In response to my post about incorporating behavioral and social data into EHR, I got the following email from one of our readers:

My worry on the collection of such behavioral and social data is that it will get used to further prescribe people with the psychiatric drugs that have such horrendous side effects to the benefit of big pharma rather than move towards diet, health education, nutrition and other non-medical remedies that can have long lasting benefits for a lifetime.

It’s a very fine point. In my previous article I didn’t spend enough time talking about the potential downsides of incorporating all that data into an EHR. The reader pointed out the potential abuse by big pharma to sell more drugs. No doubt, pharma is trying to sell more drugs. I’m sure the creative minds at pharma will try and find ways to leverage this data and sell more drugs. That’s the nature of healthcare.

However, I think pharma would try to do this whether the data was in the EHR or not. In fact, having this data in the EHR for the doctor might mean the doctor makes better choices and doesn’t always default to pharma to treat a patient. For example, if you know they’re living in a poor area, then you can ask them if they have enough food or heat in the winter in order to avoid them returning to you a few weeks later with another cold. This would actually lead to less drugs because you’re actually treating the cause of the problem as opposed to just the presenting problem.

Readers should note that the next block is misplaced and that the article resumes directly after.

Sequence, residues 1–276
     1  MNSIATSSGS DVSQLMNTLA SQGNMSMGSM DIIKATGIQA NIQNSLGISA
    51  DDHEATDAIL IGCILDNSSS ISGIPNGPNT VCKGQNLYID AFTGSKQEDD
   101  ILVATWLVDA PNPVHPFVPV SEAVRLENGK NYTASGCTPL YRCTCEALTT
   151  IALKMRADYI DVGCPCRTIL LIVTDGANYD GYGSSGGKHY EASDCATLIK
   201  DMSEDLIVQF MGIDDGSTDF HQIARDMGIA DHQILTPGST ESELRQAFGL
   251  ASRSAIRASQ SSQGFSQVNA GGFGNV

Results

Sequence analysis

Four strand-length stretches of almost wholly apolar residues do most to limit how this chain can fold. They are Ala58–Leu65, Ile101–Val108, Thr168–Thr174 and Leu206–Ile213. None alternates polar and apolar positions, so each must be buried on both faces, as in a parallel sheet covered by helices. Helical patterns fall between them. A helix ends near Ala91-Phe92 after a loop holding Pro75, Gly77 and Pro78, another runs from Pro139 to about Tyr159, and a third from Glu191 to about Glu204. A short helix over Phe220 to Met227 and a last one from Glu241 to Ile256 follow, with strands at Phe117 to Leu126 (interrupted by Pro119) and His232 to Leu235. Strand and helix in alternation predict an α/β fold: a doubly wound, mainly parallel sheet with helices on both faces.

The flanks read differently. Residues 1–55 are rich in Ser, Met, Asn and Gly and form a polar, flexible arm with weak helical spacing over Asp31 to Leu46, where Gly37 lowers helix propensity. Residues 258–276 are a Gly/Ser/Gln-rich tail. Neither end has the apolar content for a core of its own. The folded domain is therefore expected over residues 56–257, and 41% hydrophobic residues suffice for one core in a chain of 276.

While this example paints a pretty picture, you could also paint an awful picture where this data is used for discrimination. This could be in the office itself or by insurance companies. Some of the new ACA laws help when it comes to insurance discrimination, but many fear that the move to ACOs will cause these organization to discriminate against the unhealthy and poor. I have this fear as well. When you pay to keep people healthy, who do you want to have in your patient population? The healthy.

When you start talking about including all this new data in an EHR, there are a lot of privacy and security questions that come up as well. We’ve always known that the patient record was a treasure trove of personal information that needed to be safeguarded and protected from abuse. Social and behavioral data makes the health record even that much more desirable to nefarious groups who want to abuse the data. HIPAA along with privacy and security will become that much more important.

I’m sure I’m just touching the surface on the challenges and problems associated with all this new data. Although, the thing that scares me most is the way people could abuse the data. I don’t think these are reasons to not use this Read more from originating source…